TRADE Hub researchers Lacour Mody Ayompe (University of California, Irvine), Marije Schaafsma (University of Southampton) and Benis Egoh (University of California, Irvine) recently published a paper entitled ‘Towards sustainable palm oil production: the positive and negative impacts on ecosystem services and human wellbeing’. The main findings of this paper are summarized below (access the original publication)
Palm oil is the most widely traded vegetable oil, produced mainly in Indonesia and Malaysia but to a lesser extent in parts of Africa and South America. Palm oil is used throughout the world in the agri-food, body care and biofuels sectors.
Due to its use in multiple sectors (including aviation) and its growing demand, the area under oil palm cultivation worldwide has increased from about 3.6 million ha in 1961 to 21.4 million ha in 2017. This increase in oil palm cultivation and trade has led to a growing call for sustainable production of palm oil, mainly driven by concerns about the impacts of oil palm cultivation on deforestation and biodiversity loss.
Palm oil trade contributes to the achievement of several Sustainable Development Goals (SDG) including no poverty, zero hunger, and decent work and economic growth. The cultivation and trading in palm oil are primarily to generate income both for large corporate entities and smallholders.
This study reviewed 57 case studies from peer-review literature and the Environmental Justice Atlas (EJA) to identify positive and negative implications of oil palm cultivation and trade. The EJA is a global database containing more than 3,000 reported cases of environmental conflicts arising due to the exploitation of natural resources, generation of waste, and the degradation and commodification or privatization of environmental goods.
Our findings show that income generation and employment are the most readily identified benefits from palm oil trade (Figure 1). Additionally, most large corporate entities build roads for transportation of their produce, hospitals for their workers, and schools for children. These benefits were shown to be particularly important in least developed countries where oil palm is cultivated. These benefits, in most cases, are part of rural development that would otherwise not have happened.
Figure 1: Positive socio-economic impacts of palm oil trade on human wellbeing
Despite the positive contribution to livelihoods, palm oil trade continues to also have negative impacts on human wellbeing. Many negative impacts of palm oil trade are associated with the environment, such as its contribution to deforestation and biodiversity loss. This study found that there are often conflicts in locations where oil palm plantations are established, usually linked to land-related issues such as land-grabbing.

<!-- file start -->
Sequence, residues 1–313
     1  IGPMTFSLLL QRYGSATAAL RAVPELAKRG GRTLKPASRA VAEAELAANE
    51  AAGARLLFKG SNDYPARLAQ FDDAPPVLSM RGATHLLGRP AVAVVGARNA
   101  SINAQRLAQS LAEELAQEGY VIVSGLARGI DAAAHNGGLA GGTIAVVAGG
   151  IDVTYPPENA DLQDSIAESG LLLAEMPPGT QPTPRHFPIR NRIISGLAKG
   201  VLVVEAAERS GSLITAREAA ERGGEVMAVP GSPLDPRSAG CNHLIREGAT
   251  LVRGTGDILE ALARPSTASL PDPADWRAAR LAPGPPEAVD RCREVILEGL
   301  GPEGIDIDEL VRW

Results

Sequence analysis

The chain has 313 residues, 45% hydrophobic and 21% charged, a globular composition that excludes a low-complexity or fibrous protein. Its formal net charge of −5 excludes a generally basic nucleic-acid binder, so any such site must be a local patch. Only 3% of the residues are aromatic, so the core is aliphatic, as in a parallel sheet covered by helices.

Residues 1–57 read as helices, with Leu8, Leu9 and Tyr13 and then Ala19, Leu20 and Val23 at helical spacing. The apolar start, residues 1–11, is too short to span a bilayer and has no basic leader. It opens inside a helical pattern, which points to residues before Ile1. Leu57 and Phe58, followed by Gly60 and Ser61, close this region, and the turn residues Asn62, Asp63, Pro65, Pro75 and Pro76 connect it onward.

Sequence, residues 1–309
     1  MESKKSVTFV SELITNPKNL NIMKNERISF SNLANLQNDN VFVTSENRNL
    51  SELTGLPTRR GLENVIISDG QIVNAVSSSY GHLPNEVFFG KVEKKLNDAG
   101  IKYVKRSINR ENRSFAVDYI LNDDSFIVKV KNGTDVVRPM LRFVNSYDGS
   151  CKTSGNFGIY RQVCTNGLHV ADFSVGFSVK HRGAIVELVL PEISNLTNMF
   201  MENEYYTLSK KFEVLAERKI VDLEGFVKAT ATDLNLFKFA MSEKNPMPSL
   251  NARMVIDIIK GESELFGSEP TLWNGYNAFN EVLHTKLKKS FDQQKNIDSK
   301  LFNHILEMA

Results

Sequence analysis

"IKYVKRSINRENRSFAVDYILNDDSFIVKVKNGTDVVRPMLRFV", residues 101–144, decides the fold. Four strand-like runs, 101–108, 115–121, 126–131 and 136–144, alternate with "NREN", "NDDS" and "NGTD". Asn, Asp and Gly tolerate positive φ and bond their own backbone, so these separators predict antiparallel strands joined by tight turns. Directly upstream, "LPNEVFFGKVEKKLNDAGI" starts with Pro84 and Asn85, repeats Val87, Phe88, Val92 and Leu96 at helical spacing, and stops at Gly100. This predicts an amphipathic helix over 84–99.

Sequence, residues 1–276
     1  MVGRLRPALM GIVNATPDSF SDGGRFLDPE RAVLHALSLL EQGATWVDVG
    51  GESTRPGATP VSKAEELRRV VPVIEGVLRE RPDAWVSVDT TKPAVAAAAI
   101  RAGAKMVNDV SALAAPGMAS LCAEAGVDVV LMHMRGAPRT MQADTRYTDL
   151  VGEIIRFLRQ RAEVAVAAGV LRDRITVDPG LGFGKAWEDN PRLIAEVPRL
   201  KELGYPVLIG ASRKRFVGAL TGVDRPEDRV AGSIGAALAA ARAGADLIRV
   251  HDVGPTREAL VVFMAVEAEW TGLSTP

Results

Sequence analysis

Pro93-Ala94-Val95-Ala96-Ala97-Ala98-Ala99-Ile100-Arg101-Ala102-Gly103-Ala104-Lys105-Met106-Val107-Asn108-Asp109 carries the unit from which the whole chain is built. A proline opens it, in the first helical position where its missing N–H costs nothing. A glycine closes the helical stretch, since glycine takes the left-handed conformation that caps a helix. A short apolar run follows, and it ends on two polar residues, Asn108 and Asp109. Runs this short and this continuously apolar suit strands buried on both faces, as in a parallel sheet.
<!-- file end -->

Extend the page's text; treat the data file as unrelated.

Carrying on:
Although large corporate entities and some smallholders promote development in many rural areas, the houses they build are not necessarily of the best quality, and some of the jobs are temporary and do not provide job security. Because of these prevailing negative impacts, many NGOs and individuals have placed reports in in the Environmental Justice Atlas (EJA). Land grabbing continues to be registered overwhelmingly as being prevalent in many parts of the world on the EJA.
Figure 2: Direct negative impacts on people both from scientific literature and Environmental Justice Atlas.
Apart from the things that affect people directly due to the cultivation and trading of palm oil, there is much erosion reported as a result of oil palm cultivation, leading to siltation and pollution in streams and rivers. Forest trees that store carbon are cut down and people can also no longer grow food crops in their land. These land use changes can also result in extreme events such as floods.
Figure 3: Indirect negative impact on people through ecosystem services
The importance of palm oil trade in poverty alleviation, provision of nutritional benefits and in supporting livelihoods and contributing to several SDGs suggests that increasing the sustainability of palm oil production and trade should be encouraged. Many certification initiatives exist, both at national and international levels, to address the negative impacts from palm oil production. These include the Roundtable on Sustainable Palm Oil (RSPO), Indonesian Sustainable Palm Oil (ISPO), and Malaysian Sustainable Palm Oil (MSPO) initiatives.
However, most of the certification initiatives focus on environmental impacts such as deforestation. Some progress has already been made with many palm oil production and trading companies committing to zero deforestation agreements, although their implementation remains to be seen. Findings from this study suggest that the certification principles aimed at social impacts may not be enough. The prevailing social impacts, even as of 2019, suggests that response mechanisms to counter the negative impacts of oil palm cultivation and trade on people is urgent.